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Business News/ Money / Personal Finance/  How to make a financial plan and stick to it

How to make a financial plan and stick to it

  • A financial plan can help you be on track and lays down the roadmap for you to achieve your goals. It considers your current financial situation and offers strategies that will help you to accomplish your objectives

Financial planning is not limited to asset allocation, retirement planning, children’s education corpus building, or innumerable scenario analysis. Photo: iStock

For a healthy democracy, a government must implement policies, regulations, and laws in accordance with the constitution. Similarly, for a healthy financial life, an individual must stick to the financial plan and invest according to it.

Managing your money can be a daunting task. A financial plan can help you be on track and lays down the roadmap for you to achieve your goals. It considers your current financial situation and offers strategies that will help you accomplish your objectives.

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Simply put, a financial plan takes into account your earnings and your financial goals. It then tells you where you should invest and how much monthly investments are needed to achieve them. It also specifies the right amount of insurance to cut down the risk and keep you on track.

A financial plan shows you the best path to reach your financial destination. For example, if your goal is to retire in the next 20 years, a plan will tell you to invest in mutual funds and how much you should allocate to large-caps, mid-caps, and small-caps. Without a plan, you could end up investing in products that don’t cover the risks and offer sub-optimal returns.

It is also a reference document for you to check your progress and make the required changes as and when needed.

Basic on a financial plan

The first step is to look at your earnings, expenses, savings, and liabilities. Your savings minus your debt will tell you the net worth. It will give you a starting point.

When you minus your expenses from your income, you will know the money that you can invest each month.

Your expenses may not be fixed. But if you analyse your bank and credit card statements for three-four months, it will give you a rough idea of the monthly outgo. You can also keep a buffer of 5-15% in case there are expenses that you may not have covered.

Next is to look at your goals. Financial planners typically divide your goals as short-term, medium-term, and long-term. Your annual holiday is a short-term goal. Retirement and children’s marriage is a long-term goal. The medium-term goal can be buying a car or a house.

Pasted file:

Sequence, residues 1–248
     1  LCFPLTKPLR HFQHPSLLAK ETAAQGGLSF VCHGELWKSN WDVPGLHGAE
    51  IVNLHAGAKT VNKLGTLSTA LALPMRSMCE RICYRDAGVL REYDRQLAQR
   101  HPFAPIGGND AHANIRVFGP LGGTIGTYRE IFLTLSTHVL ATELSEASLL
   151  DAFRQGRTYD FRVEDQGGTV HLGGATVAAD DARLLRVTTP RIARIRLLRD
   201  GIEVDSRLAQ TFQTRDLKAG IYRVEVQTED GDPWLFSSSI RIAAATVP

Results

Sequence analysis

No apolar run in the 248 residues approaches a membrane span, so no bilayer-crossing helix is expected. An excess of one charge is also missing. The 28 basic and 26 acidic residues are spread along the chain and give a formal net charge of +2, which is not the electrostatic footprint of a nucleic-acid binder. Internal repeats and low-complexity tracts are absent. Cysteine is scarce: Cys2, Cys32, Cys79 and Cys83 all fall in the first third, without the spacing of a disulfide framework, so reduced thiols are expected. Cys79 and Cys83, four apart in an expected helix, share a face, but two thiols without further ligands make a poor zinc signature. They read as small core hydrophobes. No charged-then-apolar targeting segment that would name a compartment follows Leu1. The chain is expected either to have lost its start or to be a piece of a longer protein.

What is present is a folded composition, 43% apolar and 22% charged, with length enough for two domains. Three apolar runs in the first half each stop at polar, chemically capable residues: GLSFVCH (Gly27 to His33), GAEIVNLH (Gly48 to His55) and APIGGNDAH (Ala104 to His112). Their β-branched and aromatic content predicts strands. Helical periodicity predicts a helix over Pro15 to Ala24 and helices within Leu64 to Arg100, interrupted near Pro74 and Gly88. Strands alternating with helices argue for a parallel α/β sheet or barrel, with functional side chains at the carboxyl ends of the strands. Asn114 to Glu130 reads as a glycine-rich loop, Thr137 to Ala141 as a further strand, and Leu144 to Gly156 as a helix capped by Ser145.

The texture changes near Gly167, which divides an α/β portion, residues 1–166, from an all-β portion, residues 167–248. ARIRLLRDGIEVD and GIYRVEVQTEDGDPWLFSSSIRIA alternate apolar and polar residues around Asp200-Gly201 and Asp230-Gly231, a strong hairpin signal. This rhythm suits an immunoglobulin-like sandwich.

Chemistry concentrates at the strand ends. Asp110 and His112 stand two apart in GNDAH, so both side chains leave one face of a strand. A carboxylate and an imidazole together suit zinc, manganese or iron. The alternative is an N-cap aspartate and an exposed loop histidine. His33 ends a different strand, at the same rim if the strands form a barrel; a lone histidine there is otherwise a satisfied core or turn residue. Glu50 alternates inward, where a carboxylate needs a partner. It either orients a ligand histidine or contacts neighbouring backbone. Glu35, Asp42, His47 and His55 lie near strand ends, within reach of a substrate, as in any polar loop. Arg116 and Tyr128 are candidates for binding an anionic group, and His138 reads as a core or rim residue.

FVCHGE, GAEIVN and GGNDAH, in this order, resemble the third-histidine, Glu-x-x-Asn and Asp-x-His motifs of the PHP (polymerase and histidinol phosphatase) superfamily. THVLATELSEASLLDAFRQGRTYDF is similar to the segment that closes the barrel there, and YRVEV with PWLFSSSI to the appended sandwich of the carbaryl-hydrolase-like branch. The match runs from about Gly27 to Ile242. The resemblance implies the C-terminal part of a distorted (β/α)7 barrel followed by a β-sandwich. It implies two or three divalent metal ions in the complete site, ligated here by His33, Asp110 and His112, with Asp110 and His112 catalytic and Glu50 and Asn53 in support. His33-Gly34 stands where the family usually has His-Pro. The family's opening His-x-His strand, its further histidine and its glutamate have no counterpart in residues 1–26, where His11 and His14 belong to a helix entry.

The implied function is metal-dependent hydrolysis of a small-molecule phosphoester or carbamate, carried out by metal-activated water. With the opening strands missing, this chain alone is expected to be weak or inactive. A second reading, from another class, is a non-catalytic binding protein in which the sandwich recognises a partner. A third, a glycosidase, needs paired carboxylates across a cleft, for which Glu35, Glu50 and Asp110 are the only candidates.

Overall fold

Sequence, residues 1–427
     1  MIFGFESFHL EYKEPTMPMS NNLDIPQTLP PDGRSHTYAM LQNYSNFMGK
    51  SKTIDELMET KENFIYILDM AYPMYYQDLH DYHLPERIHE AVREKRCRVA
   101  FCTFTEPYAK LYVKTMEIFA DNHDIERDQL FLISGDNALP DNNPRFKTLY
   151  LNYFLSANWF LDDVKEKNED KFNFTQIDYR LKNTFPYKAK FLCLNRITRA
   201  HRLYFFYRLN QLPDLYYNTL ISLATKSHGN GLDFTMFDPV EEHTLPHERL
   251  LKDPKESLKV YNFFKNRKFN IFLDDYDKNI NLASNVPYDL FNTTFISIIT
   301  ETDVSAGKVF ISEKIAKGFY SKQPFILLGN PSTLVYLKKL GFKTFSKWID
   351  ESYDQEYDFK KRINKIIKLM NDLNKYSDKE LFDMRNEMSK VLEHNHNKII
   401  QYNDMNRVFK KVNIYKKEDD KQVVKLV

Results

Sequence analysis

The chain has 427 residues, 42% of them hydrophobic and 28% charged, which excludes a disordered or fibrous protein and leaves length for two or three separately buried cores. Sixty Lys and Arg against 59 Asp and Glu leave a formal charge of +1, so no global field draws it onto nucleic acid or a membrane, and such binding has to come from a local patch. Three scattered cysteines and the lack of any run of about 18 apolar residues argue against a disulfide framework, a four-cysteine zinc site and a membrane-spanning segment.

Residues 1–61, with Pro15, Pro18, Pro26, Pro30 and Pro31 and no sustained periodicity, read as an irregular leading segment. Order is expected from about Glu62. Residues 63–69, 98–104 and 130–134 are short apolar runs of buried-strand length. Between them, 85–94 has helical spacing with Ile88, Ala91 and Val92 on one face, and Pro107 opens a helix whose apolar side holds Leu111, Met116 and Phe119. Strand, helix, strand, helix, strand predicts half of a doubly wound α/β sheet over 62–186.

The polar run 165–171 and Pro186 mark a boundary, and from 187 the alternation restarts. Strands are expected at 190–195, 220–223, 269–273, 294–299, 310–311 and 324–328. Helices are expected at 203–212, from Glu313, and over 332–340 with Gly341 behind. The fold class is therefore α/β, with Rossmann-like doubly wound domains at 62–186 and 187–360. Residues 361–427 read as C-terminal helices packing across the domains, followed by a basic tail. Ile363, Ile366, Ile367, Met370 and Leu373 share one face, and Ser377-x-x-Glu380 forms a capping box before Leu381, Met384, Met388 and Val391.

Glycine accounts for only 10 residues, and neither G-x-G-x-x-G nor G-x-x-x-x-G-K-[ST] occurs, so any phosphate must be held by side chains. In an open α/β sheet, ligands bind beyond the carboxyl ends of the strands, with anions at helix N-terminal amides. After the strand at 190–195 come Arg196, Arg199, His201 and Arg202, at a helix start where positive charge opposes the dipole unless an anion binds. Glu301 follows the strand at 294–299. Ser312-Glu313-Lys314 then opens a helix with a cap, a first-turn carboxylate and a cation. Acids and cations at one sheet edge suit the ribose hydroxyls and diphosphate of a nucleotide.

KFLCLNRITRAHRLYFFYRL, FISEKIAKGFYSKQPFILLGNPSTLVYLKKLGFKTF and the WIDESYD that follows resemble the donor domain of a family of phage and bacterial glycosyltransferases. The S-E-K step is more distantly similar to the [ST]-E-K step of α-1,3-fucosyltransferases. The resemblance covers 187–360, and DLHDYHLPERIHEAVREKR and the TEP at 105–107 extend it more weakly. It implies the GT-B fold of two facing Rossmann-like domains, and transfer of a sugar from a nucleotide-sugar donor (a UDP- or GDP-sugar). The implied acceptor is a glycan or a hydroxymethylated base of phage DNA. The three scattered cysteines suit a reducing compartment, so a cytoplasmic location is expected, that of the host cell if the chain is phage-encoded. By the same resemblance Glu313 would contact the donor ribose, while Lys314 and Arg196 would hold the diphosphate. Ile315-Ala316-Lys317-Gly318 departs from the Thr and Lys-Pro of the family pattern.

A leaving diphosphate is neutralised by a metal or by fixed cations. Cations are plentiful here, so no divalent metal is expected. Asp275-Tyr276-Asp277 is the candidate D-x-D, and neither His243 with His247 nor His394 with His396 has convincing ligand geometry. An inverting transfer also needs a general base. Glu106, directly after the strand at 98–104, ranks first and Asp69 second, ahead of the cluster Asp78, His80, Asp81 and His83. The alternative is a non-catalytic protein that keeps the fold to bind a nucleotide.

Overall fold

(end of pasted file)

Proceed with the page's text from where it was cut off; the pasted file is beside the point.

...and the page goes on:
Once you have all these in place, you need to map out a strategy to accomplish your goals. For example, for long term ones, depending on the risk appetite, you can invest 80% in equities. For short-term goals, you can use liquid funds. Including life and health insurance will ensure that death or hospitalisation doesn’t put a dent in your family’s financials.

These are the basics of a financial plan. The actual plan involves much more detailed analysis and investment recommendations.

When to involve an advisor

When you are younger with not much financial responsibility, you can use online tools to make your plan. They would ensure that your basics are covered.

Many online tools allow you to calculate the money you will need in the future for a specific goal. Due to annual inflation, the price of every expense you have in the future is likely to increase. For example, if you need 20 lakh today for your child’s education, after a decade, you could need around 36 lakh considering annual inflation of 6%.

When you list down your medium-term and long-term goals, use the online inflation calculator tool to know the future value. You can then use a goal calculator to know how much monthly investment you need to achieve the future value.

While investing, you can stick to either large-cap funds or exchange-traded funds for your equity allocation. For debt, you can use fixed income instruments when you are starting, as many may not be able to stomach the volatility that comes with debt mutual funds.

But once you have responsibilities, or you have been investing for some time, take the help of a financial planner or investment advisor to make a financial plan. Managing money can be daunting once your portfolio reaches a certain size or you have multiple financial responsibilities. A financial planner will not only make a plan but also suggest changes regularly to your investments.

How to stick to your plan

Don’t be too aggressive about the money you can save each month. If you get too aggressive, you may not be able to stick to the plan. When you start, start with a small amount each month. You can then step up your investments over time.

Don’t start without making a budget. Know your expenses well. Else, it would be challenging to stick to the plan.

Finally, keep two bank accounts – one for expenses and the other for investments. When you get your salary, transfer a fixed amount to the second bank account from which you can invest. Segregating money will help you to know the amount you have for expenses.

Let the financial plan be your guiding light.

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